Wat Saket (Phu Khao Thong) has not only the quality to be one of the oldest temples of Bangkok but also to have in its enclosure one of the highest points of the capital. The brief visit of the religious building leaves all the leisure to enjoy an exceptional sight on the city, at the top of Golden Mountain.
Climbing 300 steps
Climbing the 300 steps of Golden Mountain (Phu Khao Thong) is pleasant. This climb is worth it, because in addition to enjoying the beautiful forest garden, we will appreciate the spectacular views of Bangkok. The few pauses that visitors take are animated, at strategic points, by curious tombs, statuettes judiciously placed or gongs that tourists and convinced Buddhists do not fail to make sound.
The effort to climb the circular stairs around Golden Mountain, within the walls of Wat Saket, is more rewarded by the unobstructed view of Bangkok and particularly on the island of Rattanakosin (Wat Phra Kaew, Wat Pho, Sanam Luang …) than by the originality of its temple.
Wat Saket is a very venerated temple in the city because it keeps relics of the Buddha himself brought from India. It is even more understandable when we crown the top and can see the Great Golden Stupa and its spectacular views of 365 of the city.It is understood that these relics are here as a demonstration of the greatness of Buddha.
Looking west towards the historic district of Rattanakosin, you will notice the Grand Palace, Wat Phra Kaew and Wat Arun. Wat Suthat and the Great Swing can also be seen in the distance, and walking around the chedi, we can also see the Democracy Monument and the Rama VIII Bridge.
The climbing of the artificial hill (of 76 meters made of earth and bricks) whose final construction was carried out under the reign of king Rama V, ends naturally on the step of the door of a temple. Well ordered, the visit is done in two times. The first stride engages the explorers in a place of meditation whose turn is quickly closed. The second stage which passes by a tiny staircase, on the higher level, makes it possible to the contemplative ones to discover the gilded chedi sheltering relics of the Buddha and the splendid sight on Bangkok in front of which all linger gladly.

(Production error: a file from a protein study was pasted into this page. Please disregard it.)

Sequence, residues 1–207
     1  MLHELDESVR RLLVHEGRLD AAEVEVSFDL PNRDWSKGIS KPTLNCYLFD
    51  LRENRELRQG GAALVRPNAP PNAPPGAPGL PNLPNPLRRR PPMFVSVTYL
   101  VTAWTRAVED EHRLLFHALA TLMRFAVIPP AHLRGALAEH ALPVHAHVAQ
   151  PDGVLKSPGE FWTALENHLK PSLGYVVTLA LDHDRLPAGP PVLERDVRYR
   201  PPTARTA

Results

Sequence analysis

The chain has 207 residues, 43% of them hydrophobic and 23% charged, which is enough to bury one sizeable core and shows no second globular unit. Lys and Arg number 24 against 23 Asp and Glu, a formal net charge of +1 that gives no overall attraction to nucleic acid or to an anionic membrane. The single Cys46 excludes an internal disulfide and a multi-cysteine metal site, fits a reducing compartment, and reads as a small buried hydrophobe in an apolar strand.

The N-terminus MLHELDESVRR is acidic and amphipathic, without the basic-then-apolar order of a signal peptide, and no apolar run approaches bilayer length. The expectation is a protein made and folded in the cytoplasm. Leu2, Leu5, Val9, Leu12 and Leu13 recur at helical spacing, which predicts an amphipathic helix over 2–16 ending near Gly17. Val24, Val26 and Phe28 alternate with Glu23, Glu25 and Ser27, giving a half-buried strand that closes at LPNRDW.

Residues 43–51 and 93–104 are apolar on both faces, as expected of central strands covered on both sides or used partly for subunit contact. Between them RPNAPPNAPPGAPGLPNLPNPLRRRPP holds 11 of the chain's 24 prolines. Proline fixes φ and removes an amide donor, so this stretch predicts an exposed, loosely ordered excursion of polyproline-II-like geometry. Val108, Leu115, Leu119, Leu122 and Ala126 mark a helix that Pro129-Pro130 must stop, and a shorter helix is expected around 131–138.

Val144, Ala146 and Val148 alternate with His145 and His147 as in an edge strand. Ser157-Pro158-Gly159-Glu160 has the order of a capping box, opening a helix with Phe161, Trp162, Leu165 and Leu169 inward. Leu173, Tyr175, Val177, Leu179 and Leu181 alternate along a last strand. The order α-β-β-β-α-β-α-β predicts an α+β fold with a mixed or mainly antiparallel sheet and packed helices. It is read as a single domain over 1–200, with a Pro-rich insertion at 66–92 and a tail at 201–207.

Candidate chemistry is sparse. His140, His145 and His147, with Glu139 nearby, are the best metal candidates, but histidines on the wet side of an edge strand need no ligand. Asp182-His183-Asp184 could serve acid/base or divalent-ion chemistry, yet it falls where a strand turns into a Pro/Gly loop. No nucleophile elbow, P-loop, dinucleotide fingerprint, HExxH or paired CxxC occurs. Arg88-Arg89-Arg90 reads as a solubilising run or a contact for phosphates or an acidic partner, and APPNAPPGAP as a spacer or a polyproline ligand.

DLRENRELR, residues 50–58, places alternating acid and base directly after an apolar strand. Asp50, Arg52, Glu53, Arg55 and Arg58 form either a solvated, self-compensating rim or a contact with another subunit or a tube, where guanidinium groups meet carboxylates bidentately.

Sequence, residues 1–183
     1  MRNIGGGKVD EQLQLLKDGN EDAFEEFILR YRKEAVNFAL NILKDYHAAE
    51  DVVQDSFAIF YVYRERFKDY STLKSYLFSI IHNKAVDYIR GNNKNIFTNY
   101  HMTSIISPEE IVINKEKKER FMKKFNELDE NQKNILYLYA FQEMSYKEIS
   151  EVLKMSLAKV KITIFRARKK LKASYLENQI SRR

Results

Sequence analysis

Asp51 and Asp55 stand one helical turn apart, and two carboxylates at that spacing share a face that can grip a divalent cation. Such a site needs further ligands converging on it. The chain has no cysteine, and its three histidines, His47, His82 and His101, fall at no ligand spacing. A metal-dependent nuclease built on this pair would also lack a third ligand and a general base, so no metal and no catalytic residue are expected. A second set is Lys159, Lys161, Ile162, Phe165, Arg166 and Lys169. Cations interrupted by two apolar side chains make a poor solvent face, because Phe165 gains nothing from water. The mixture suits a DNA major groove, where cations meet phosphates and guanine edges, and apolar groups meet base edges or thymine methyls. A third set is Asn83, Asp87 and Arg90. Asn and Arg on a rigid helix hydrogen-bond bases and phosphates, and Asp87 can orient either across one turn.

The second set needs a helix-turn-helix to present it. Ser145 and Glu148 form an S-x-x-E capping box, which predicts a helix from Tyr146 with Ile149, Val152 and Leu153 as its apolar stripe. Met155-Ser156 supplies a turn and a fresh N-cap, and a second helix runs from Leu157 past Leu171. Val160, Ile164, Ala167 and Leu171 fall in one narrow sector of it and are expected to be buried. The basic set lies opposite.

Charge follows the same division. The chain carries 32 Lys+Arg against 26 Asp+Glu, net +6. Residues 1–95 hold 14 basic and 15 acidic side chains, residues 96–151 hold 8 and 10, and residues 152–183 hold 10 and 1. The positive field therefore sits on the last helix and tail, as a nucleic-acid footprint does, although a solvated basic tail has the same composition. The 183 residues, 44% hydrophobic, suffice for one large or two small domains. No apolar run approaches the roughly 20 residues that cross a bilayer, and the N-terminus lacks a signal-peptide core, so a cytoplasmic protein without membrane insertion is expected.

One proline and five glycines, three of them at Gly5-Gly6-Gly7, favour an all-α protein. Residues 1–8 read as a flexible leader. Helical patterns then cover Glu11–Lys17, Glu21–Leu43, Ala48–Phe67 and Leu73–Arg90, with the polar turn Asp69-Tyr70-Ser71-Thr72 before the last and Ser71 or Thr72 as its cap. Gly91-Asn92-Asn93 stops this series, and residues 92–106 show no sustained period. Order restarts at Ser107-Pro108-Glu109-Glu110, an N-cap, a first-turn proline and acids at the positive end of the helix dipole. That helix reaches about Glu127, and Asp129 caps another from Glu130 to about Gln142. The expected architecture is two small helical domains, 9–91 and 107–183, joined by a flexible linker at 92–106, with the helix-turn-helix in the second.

The temple was built during the reign of the Ayutthaya kingdom, while the site itself has housed the temple under different names in one form or another for hundreds of years. In the early 1800s, the temple was turned into a crematorium due to a plague epidemic. The victims were taken to Wat Saket, located outside the city walls, for cremation.
King Rama I (reign 1782- 1809) renovated Wat Saket, but his grandson, Rama III (reign 1824 – 1851), had an artificial hill built over the temple. The design was based on the ancient architecture with a mound, considered as Mount Meru in Buddhist cosmology. Unfortunately, the soft soils and drainage of the area caused landslides, leaving the site to nature until the reign of Rama IV (1851-68), when work was undertaken to strengthen the mound so that it could support smaller chedi. The work was completed at the end of the reign of Rama V (1868 – 1910), and a relic of the Buddha found in Nepal was brought back and placed inside the chedi. Concrete walls were added to the exterior in 1940, and the locals named the hill “Phu Khao Tong”, which can be translated as “Golden Mountain”.
How to get to Wat Saket
Chakkaphatdi rd Bangkok
The temple is open to the public every day without interruption from 8 am to 6 pm. Only the access to the terrace is paying, 50 baht.